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Mitchell, R. The Complementary Benefits of Cases and Simulations. Page 5 of 6.


Recommendations about Appropriate Use

Extensive use of case discussions is appropriate when course learning objectives and conditions such as the following are paramount:

  • Learning about major concepts and models in the field
  • Maintaining close connection with student ideas and responses
  • Providing substantial interaction and immediate feedback between students and the professor about analysis, ideas, conclusions, and recommendations concerning typical real-world situations
  • Emphasizing individual student performance
  • Introducing students to several types of organizations and situations that they might encounter in their careers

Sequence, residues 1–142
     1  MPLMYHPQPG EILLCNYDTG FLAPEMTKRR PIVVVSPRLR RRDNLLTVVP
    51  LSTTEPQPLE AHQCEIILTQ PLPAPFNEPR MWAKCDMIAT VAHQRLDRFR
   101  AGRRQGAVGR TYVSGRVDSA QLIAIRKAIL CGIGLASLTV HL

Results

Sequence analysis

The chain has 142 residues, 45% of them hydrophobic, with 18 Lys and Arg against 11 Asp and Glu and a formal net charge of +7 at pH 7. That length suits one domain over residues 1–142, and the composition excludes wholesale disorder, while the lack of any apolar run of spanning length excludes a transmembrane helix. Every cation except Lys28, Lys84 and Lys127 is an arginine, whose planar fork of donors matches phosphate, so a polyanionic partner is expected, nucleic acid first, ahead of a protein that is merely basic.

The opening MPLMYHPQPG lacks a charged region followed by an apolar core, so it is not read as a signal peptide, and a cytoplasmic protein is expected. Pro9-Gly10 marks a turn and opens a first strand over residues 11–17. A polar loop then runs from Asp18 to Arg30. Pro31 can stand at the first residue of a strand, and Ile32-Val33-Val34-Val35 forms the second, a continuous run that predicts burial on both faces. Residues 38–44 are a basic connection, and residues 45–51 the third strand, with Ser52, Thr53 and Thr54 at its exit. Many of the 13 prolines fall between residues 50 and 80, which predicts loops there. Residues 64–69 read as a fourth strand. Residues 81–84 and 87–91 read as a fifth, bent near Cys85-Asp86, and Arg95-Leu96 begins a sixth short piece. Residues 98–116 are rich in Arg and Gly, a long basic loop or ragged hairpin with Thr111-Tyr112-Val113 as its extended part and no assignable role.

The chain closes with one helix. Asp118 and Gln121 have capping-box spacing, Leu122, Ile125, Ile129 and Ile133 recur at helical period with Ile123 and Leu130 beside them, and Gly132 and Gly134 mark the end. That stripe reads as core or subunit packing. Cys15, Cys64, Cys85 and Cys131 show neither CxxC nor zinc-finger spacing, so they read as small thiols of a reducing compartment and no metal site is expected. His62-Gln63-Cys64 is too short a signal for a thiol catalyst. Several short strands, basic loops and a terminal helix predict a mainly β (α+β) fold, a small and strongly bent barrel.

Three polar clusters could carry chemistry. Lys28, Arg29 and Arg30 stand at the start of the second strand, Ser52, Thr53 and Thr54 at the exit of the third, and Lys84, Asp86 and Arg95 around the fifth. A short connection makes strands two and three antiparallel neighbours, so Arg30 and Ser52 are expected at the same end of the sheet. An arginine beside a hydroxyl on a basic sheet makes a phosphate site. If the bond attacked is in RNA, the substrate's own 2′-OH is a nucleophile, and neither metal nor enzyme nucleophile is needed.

In contrast, complex computer-based simulations have advantages when course objectives include:

  • Allowing students to experience more realistically the roles and responsibilities of a top decision-maker who is trying to position an organization in a tough, competitive environment
  • Allowing students to experience the uncertainties and surprises produced by the unpredictable actions of competitors
  • Facilitating affective aspects of learning
  • Promoting student emotional arousal and involvement.

An instructor's specific learning objectives--which should be in alignment with department, college, and university objectives--are the cornerstone for course design. It seems clear that there are many combinations of cases and simulations that could effectively support learning objectives for various courses. It is time to replace debate about which technique is superior with further research and dialogue about how to use both in effective combinations by better linking of course design decisions to specific learning objectives.

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